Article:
Use successive rolls of a die to produce numerical sequences, and investigate differences among the median, mean, and mode.
Idea Sheets are cross-referenced to subjects listed in the Common Core, Next Generation Science Standards, and California Content Standards.
6.SP.1. Recognize a statistical question as one that anticipates variability in the data related to the question and accounts for it in the answers. For example, “”How old am I?”” is not a statistical question, but “”How old are the students in my school?”” is a statistical question because one anticipates variability in students? ages.||Common Core Mathematics||Grade 6||Statistics And Probability||Develop Understanding Of Statistical Variability|||6.SP.2. Understand that a set of data collected to answer a statistical question has a distribution which can be described by its center, spread, and overall shape.||Common Core Mathematics||Grade 6||Statistics And Probability||Develop Understanding Of Statistical Variability|||6.SP.3. Recognize that a measure of center for a numerical data set summarizes all of its values with a single number, while a measure of variation describes how its values vary with a single number.||Common Core Mathematics||Grade 6||Statistics And Probability||Develop Understanding Of Statistical Variability|||6.SP.4. Display numerical data in plots on a number line, including dot plots, histograms, and box plots.||Common Core Mathematics||Grade 6||Statistics And Probability||Summarize And Describe Distributions|||6.SP.5. Summarize numerical data sets in relation to their context, such as by:||Common Core Mathematics||Grade 6||Statistics And Probability||Summarize And Describe Distributions|||7.SP.5. Understand that the probability of a chance event is a number between 0 and 1 that expresses the likelihood of the event occurring. Larger numbers indicate greater likelihood. A probability near 0 indicates an unlikely event, a probability around 1/2 indicates an event that is neither unlikely nor likely, and a probability near 1 indicates a likely event.||Common Core Mathematics||Grade 7||Statistics And Probability||Investigate Chance Processes And Develop, Use, And Evaluate Probability Models|||7.SP.6. Approximate the probability of a chance event by collecting data on the chance process that produces it and observing its long-run relative frequency, and predict the approximate relative frequency given the probability. For example, when rolling a number cube 600 times, predict that a 3 or 6 would be rolled roughly 200 times, but probably not exactly 200 times.||Common Core Mathematics||Grade 7||Statistics And Probability||Investigate Chance Processes And Develop, Use, And Evaluate Probability Models|||7.SP.7. Develop a probability model and use it to find probabilities of events. Compare probabilities from a model to observed frequencies; if the agreement is not good, explain possible sources of the discrepancy.||Common Core Mathematics||Grade 7||Statistics And Probability||Investigate Chance Processes And Develop, Use, And Evaluate Probability Models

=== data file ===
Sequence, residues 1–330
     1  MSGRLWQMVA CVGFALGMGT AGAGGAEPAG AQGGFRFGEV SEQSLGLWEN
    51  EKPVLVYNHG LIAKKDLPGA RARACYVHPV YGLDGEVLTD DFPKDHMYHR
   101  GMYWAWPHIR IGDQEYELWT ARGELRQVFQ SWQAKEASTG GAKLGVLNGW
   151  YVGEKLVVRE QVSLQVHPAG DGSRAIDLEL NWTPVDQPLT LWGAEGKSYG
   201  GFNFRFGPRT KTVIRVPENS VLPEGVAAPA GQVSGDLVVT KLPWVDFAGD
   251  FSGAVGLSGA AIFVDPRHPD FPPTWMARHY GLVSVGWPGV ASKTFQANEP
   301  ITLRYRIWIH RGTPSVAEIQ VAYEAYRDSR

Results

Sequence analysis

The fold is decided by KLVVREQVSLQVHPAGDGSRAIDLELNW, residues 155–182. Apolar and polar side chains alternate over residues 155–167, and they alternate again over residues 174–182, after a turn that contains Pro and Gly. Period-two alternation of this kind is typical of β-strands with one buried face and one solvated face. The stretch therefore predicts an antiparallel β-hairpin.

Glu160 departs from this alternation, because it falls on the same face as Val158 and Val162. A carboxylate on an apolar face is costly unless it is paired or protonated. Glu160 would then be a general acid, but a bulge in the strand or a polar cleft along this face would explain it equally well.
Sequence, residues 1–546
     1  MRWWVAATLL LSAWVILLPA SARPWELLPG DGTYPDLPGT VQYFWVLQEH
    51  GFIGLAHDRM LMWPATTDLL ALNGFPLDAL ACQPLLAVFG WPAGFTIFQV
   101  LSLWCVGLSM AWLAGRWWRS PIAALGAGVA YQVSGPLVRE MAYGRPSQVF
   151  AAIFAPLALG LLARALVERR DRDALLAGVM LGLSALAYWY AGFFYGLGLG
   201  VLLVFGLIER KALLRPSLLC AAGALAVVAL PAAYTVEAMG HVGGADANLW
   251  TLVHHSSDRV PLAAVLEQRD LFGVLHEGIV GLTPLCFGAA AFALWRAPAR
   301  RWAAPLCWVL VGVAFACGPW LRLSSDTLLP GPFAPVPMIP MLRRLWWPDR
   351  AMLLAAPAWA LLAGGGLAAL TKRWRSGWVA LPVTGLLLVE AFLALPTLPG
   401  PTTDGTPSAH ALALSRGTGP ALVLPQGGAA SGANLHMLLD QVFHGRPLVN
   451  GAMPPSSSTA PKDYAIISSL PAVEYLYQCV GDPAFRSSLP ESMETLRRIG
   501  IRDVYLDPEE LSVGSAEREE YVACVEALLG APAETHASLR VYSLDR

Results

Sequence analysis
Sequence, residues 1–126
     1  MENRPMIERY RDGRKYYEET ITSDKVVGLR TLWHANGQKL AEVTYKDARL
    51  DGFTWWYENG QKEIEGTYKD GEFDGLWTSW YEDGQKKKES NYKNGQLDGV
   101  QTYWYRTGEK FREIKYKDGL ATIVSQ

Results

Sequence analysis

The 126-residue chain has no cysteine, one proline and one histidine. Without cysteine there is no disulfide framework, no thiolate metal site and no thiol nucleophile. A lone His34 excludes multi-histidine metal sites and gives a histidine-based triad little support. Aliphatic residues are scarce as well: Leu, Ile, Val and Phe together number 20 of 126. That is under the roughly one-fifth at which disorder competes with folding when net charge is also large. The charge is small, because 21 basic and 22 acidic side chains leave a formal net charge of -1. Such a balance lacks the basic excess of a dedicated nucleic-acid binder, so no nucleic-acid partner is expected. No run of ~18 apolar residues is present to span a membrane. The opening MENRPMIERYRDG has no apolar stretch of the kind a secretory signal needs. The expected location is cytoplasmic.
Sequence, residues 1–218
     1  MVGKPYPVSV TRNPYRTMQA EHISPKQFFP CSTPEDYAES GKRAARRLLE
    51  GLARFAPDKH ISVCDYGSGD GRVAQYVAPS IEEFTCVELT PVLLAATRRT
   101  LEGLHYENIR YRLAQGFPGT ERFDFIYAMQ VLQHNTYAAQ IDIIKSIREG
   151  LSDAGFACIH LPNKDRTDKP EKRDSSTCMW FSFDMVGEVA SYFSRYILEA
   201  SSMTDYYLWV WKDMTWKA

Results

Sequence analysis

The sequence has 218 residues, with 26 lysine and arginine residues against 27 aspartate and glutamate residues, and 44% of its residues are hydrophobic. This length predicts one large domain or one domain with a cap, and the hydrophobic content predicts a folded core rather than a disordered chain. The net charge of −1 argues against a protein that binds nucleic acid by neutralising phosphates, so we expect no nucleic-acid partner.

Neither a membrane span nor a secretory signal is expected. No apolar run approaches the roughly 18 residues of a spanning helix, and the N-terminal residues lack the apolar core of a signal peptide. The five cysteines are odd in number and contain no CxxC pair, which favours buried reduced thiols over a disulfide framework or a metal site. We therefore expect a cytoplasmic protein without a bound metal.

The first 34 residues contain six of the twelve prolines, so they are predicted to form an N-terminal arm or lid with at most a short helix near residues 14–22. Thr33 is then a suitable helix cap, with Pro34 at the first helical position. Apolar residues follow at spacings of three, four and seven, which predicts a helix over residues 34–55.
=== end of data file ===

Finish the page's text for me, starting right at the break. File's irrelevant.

1.2 Identify the mode(s) for sets of categorical data and the mode(s), median, and any apparent outliers for numerical data sets.||CA Mathematics||Grade 4||04. Statistics, Data Analysis, and Probability||1.0 Students organize, represent, and interpret numerical and categorical data and clearly communicate their findings.|||1.1 Know the concepts of mean, median, and mode; compute and compare simple examples to show that they may differ.||CA Mathematics||Grade 5||04. Statistics, Data Analysis, and Probability||1.0 Students display, analyze, compare, and interpret different data sets, including data sets of different sizes.|||1.1 Compute the range, mean, median, and mode of data sets.||CA Mathematics||Grade 6||04. Statistics, Data Analysis, and Probability||1.0 Students compute and analyze statistical measurement for data sets.
- Grades 3-5
- Grades 6-8